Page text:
Sidewalks to Nowhere

Well, that’s it.  We’ll head down to City Hall and pay our fine now.  After that, we’re done.  The new owner can move in tomorrow.

I grinned at the builder’s words, thinking he meant that fees still needed to be paid—for inspections or permits, possibly.  Then, looking into his serious eyes and noticing his chin shaking back and forth, I realized he was serious.

A fine?  Why would you have to pay a fine after building this beautiful new house?

With a wry chuckle, the man with the sun-bleached blonde hair explained.

Our little town, a forward-looking village of sixteen thousand residents, has a requirement in the building code which is intended to make all of the roadways friendly to pedestrians.  Every new home built must include a sidewalk across the front, the specifications of which may be found in the city code, and the cost of which may be passed on to the new homeowner.

It’s a good idea.  I like it.  Except . . .

Well? What’s the problem?

Why wouldn’t the man just have the forms prepared and lay a sidewalk at the same time the big truck backed up to dump the liquid concrete for the driveway?  Another hour or two; it would have taken no more.

I stood there on the side of the little cul-de-sac, looking around the neighborhood, and I laughed out loud.

It is an old neighborhood.  The little craftsman bungalow just finished next door is almost certain to be the last house ever built on the street.  The last one.

Not one of the other houses has a sidewalk in front of it.  They never will.

There is no need.  In this neighborhood, folks walk across lawns to the house next door, or three doors over, leaning over fences to talk with anyone sitting on a patio, or in their garden, or trimming the shrubbery.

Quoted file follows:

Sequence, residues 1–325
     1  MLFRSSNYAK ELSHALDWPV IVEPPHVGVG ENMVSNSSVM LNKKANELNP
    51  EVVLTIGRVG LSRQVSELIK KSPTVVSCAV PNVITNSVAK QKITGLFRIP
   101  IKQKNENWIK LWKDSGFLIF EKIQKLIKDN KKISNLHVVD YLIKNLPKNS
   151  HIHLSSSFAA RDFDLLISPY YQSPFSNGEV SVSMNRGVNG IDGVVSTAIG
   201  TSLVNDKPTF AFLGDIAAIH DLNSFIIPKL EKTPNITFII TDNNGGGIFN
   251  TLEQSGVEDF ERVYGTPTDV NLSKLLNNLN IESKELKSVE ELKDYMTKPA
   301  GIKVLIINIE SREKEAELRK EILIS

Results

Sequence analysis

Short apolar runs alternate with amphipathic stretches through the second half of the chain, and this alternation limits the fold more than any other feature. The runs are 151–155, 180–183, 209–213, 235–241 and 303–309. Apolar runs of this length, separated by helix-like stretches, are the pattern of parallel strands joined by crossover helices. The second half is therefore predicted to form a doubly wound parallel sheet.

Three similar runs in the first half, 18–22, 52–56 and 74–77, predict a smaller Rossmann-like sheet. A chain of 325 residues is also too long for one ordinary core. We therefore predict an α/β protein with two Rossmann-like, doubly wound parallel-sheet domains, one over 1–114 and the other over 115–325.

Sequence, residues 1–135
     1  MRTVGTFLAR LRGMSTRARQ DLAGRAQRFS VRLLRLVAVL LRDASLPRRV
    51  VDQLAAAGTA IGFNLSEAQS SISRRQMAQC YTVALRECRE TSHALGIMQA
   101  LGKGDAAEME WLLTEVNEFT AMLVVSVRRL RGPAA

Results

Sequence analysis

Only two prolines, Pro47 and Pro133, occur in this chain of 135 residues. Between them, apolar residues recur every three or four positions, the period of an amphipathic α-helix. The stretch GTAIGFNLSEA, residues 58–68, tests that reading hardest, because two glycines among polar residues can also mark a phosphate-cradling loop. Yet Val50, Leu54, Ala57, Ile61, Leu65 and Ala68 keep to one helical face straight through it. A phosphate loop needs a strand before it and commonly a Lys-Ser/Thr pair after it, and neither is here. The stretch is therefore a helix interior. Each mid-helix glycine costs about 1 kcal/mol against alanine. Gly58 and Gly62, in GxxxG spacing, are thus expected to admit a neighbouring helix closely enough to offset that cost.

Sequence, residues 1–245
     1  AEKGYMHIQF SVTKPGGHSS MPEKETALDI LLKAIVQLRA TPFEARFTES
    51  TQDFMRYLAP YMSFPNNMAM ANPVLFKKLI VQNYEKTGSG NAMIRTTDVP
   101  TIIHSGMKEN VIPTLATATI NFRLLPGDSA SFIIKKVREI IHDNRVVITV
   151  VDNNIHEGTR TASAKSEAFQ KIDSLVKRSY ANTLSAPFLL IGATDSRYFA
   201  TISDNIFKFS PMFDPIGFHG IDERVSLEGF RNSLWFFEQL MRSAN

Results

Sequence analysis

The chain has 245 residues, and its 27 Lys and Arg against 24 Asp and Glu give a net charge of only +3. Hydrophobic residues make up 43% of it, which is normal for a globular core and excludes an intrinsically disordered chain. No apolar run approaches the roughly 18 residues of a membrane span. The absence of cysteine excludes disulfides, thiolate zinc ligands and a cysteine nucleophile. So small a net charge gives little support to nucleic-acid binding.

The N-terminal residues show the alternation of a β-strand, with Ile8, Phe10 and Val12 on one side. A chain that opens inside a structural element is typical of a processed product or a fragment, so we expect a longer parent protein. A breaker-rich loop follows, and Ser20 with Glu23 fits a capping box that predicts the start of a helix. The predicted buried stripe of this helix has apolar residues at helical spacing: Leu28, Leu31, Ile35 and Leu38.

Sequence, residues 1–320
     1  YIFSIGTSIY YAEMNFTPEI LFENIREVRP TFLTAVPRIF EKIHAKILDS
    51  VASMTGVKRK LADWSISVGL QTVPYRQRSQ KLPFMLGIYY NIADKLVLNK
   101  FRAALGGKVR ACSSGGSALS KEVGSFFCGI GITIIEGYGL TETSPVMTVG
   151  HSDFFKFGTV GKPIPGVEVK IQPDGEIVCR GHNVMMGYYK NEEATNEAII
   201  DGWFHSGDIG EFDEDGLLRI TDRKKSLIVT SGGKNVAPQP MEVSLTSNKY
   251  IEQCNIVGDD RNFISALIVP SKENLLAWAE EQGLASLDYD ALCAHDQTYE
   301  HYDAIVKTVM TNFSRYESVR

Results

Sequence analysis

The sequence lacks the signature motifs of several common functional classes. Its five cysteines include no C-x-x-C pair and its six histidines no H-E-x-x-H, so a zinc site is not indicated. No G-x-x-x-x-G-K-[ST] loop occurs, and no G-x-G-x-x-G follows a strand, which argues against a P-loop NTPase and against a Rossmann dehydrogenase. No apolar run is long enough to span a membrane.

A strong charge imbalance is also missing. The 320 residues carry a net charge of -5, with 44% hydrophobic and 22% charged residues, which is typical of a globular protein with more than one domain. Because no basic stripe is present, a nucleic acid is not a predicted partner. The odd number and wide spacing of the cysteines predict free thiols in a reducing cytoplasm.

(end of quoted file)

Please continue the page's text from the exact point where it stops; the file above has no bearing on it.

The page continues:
If they’re going farther, they cross the pavement at long angles, perhaps even walking down the middle of the street.  Nobody will run them down.  The turnaround is just a few feet up ahead; why would anyone be going that fast?

He’s going to pay a fine of two thousand five hundred dollars.

Rules are rules.

One complies or they pay the price.

I don’t understand.  A segment of sidewalk must be laid in a neighborhood which will never have other segments of sidewalk to join it.

By itself, a sidewalk to nowhere will lie unused.  It will still require care.  Weeds will eventually grow in the expansion cracks filled with dirt that no schoolchild returning home will ever kick out.  If the homeowner doesn’t run a trimmer religiously along both edges, the lawn will inevitably cover it.

In the end, it will lie, cracked and useless, for all the world to laugh at the folly which required its construction in the first place.

The builder will pay the fine.

We don’t believe in sidewalks to nowhere.  We wouldn’t think of making useless rules that are ultimately costly and purposeless.

No one I know would ever make someone pay the price for not complying with the book of rules.

Or, would we?

Adamant, that’s what the city inspector will be.  Unmovable.  Unyielding.

Set in stone.  It’s what adamant means.  Like a diamond, harder than anything around it.